• Jane C. Manners (History, Princeton University) “Infinitely Dangerous to the Revenue of the United States”: The Great New York Fire of 1835 and the Law of Disaster Relief in Jacksonian America 
  • Allison Joan Martino (History of Art, University of Michigan-Ann Arbor) Stamping History: Stories of Social Change in Ghana’s Adinkra Cloth
  • Kirsten Noelle Mendoza (English, Vanderbilt University) Representations of Race, Rape, and Consent in English Drama, 1590-1660
  • Rachel Nolan (History, New York University) “Children for Export”: A History of International Adoption from Guatemala 
  • Milad Odabaei (Anthropology, University of California, Berkeley) Giving Words: Translation and History in Modern Iran
  • Matthew Omelsky (English, Duke University) Fugitive Time: Black Culture and Utopian Desire
  • Colleen O'Reilly (History of Art and Architecture, University of Pittsburgh) Visual Pedagogy in Cold War America: Berenice Abbott, Will Burtin, and the International Visual Literacy Association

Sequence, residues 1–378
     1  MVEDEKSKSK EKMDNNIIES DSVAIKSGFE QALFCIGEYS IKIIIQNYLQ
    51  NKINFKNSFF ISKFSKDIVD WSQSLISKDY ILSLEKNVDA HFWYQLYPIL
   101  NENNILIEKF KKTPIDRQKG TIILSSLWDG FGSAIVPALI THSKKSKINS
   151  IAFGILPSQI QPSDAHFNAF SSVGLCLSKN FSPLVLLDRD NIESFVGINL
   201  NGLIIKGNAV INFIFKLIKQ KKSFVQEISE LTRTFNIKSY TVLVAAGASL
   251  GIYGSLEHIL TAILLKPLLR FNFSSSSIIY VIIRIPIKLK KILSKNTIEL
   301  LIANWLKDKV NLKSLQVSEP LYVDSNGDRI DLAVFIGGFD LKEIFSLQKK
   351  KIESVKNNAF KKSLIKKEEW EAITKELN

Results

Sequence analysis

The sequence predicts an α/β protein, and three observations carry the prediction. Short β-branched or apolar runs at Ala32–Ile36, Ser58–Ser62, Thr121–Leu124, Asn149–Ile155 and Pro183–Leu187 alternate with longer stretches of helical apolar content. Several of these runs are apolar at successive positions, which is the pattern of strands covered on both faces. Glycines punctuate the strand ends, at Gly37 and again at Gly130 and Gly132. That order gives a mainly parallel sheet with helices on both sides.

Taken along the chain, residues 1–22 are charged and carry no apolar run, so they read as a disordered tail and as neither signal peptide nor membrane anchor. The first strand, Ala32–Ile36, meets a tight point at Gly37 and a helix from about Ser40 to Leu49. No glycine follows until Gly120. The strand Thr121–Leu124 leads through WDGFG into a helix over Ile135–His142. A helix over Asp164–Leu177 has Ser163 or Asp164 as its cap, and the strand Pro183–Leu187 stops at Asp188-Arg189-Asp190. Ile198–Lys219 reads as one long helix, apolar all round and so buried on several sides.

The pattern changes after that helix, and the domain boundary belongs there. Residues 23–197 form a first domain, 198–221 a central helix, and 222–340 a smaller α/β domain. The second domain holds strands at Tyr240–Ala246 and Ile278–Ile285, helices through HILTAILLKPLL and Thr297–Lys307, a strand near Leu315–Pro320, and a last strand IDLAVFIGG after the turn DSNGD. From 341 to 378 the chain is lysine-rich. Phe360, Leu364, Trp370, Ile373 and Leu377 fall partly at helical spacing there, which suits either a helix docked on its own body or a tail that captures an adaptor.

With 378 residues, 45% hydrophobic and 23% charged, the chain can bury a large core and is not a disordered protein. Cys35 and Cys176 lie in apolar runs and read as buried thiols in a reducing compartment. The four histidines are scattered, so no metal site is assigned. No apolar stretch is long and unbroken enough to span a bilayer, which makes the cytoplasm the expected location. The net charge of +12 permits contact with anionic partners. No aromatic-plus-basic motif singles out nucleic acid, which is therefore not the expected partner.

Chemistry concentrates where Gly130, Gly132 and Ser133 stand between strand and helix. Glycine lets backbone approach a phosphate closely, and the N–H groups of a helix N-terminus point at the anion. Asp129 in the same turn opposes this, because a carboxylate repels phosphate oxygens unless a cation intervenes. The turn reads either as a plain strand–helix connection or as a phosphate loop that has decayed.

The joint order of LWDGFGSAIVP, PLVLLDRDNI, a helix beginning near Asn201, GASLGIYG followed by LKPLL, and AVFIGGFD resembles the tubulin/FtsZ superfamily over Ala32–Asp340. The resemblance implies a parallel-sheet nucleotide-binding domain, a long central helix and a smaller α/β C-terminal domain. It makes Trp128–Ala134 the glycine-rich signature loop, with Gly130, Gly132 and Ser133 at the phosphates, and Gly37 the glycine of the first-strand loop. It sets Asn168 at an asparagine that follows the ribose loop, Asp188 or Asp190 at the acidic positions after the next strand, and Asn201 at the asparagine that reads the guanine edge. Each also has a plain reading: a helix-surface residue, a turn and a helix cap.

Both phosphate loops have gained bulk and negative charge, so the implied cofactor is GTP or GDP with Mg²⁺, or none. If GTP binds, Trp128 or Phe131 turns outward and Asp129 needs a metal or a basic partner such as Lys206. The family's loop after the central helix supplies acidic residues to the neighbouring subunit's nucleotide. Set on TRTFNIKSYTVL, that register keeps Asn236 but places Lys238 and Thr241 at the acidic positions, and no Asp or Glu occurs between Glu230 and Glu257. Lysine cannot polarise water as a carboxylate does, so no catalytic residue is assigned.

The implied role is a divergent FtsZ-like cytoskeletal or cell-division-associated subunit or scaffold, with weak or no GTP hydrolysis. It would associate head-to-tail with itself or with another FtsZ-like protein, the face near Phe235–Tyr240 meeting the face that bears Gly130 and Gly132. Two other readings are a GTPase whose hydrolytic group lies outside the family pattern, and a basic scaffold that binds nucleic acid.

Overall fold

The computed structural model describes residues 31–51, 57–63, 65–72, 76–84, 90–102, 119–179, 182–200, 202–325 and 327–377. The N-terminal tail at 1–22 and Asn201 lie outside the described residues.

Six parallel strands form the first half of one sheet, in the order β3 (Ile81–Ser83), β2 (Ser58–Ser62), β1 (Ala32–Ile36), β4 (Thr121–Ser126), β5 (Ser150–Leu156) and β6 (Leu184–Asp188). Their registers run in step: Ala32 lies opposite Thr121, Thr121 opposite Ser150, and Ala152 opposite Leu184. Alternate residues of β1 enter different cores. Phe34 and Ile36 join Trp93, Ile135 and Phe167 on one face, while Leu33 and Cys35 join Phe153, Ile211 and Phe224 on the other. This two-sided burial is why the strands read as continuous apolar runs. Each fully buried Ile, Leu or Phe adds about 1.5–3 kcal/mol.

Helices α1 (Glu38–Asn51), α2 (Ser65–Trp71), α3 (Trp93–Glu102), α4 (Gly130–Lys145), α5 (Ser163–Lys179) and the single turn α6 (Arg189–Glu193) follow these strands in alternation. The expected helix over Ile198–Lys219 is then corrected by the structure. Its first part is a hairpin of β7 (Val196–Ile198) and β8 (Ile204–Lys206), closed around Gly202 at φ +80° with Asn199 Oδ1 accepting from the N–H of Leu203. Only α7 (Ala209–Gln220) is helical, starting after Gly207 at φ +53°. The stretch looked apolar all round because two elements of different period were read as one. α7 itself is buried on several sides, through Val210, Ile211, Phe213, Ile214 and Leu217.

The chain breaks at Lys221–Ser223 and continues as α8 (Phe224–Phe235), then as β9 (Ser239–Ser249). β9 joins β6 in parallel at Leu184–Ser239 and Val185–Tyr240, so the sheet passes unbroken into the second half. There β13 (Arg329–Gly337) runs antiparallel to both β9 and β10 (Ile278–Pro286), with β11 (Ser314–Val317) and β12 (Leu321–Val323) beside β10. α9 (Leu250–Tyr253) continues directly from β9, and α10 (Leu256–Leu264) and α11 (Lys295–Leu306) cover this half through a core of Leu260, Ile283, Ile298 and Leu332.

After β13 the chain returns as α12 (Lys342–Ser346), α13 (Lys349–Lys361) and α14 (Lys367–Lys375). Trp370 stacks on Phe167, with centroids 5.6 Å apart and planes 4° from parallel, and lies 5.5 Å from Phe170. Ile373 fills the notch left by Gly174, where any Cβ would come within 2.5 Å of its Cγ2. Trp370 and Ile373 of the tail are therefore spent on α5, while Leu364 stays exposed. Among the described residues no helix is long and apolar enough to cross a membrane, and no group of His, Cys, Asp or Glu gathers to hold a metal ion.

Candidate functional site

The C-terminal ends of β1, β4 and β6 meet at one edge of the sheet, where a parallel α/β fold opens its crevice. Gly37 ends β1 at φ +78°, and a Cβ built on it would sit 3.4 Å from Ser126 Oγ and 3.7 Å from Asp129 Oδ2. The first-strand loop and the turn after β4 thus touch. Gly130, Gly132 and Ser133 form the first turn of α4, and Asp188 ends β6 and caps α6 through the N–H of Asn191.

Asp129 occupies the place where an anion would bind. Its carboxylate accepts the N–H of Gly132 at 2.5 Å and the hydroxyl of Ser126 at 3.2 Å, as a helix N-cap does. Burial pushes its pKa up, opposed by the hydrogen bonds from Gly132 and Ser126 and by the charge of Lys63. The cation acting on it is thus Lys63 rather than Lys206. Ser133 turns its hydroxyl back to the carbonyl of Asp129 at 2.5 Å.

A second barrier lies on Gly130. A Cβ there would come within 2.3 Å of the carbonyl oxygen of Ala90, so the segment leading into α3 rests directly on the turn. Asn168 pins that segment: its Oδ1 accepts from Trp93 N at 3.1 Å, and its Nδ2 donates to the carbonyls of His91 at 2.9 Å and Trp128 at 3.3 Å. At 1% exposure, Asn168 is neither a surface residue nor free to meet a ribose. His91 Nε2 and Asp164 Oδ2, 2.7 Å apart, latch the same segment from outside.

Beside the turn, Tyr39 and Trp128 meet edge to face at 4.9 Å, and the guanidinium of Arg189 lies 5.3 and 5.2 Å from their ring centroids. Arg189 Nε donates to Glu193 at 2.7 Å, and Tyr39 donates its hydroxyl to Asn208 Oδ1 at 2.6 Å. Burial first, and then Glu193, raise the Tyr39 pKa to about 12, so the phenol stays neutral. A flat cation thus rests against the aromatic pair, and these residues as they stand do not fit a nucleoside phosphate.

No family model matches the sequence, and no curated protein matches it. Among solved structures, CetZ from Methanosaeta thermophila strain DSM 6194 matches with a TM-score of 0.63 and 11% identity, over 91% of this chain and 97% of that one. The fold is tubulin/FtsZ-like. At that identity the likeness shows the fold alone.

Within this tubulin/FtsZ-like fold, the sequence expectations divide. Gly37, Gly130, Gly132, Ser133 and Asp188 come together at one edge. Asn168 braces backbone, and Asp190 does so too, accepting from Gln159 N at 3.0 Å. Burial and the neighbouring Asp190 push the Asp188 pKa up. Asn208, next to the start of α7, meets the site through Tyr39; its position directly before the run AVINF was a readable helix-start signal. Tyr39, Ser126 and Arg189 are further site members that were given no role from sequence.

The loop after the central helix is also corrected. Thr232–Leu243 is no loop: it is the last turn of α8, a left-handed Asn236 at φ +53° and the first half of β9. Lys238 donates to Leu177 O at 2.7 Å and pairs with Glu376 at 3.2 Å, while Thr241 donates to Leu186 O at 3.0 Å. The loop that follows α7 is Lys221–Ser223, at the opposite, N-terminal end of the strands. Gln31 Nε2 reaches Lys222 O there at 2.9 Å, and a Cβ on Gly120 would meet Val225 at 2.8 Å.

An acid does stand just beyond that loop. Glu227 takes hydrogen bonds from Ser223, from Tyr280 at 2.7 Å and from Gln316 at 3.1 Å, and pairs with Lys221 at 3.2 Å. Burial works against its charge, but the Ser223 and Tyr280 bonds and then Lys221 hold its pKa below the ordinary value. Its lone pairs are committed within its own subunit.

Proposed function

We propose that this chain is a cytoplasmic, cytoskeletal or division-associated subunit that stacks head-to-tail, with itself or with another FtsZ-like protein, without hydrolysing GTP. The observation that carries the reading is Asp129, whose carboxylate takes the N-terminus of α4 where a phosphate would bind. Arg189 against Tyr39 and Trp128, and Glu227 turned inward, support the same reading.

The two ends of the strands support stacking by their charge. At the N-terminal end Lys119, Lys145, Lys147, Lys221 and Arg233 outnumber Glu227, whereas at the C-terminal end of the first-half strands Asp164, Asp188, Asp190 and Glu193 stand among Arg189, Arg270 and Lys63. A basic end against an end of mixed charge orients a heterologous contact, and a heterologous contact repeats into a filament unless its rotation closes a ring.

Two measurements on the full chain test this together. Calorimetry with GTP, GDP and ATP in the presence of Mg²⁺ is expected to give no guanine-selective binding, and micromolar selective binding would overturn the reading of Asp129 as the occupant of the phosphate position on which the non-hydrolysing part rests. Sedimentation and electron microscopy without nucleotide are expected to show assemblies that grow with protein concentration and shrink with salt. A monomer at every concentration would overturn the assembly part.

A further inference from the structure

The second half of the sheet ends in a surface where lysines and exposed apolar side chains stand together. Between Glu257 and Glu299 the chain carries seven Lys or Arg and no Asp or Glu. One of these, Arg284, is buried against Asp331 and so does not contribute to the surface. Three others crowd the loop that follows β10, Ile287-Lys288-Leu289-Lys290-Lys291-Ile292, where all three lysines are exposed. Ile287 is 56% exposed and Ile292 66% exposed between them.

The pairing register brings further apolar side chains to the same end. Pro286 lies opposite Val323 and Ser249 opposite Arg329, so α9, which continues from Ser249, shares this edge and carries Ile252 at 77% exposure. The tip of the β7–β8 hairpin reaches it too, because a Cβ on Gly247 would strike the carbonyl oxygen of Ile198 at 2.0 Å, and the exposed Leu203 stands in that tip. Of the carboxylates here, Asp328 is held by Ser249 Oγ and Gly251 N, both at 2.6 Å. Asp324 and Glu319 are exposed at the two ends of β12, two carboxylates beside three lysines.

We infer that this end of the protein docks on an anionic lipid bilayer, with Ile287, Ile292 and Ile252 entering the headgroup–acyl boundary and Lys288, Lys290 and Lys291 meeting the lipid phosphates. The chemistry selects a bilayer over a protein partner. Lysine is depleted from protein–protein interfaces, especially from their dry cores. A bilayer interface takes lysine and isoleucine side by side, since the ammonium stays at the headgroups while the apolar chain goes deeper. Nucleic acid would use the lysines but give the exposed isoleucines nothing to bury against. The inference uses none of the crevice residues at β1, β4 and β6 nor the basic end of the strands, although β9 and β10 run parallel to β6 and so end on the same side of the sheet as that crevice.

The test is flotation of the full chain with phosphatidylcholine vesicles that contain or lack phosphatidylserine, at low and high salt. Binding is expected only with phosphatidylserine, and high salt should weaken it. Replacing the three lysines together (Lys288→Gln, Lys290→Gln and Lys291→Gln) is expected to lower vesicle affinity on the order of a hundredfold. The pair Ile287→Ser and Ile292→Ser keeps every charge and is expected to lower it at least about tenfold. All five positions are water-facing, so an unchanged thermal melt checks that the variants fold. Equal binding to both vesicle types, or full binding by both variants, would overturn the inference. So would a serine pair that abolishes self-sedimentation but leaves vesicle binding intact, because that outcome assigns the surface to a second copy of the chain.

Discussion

• Sayd Priscilla Randle (Anthropology, Yale University) Replumbing the City: Climate Adaptation Urbanisms in Los Angeles
  • María Enid Rodríguez (Theology and Religious Studies, Catholic University of America) What God Really Said: The Function of the “Word of God” in Assyrian, Hebrew, Greek, and Arabic Prophetic Literature
  • Domenica G. Romagni (Philosophy, Princeton University) The Hard Problem of Consonance and Its Place in Seventeenth-Century Philosophy
  • John A. Romey (Music, Case Western Reserve University) Popular Song, Opera Parody, and the Construction of Parisian Spectacle, 1648-1713
  • Natasha M. Roule (Music, Harvard University) Reviving Lully: Opera and the Negotiation of Absolutism in the French Provinces, 1685-1750
  • Joseph C. Russo (Anthropology, University of Texas at Austin) Texan Hard-Luck: Social Ecology in Southeast Texas’s Golden Triangle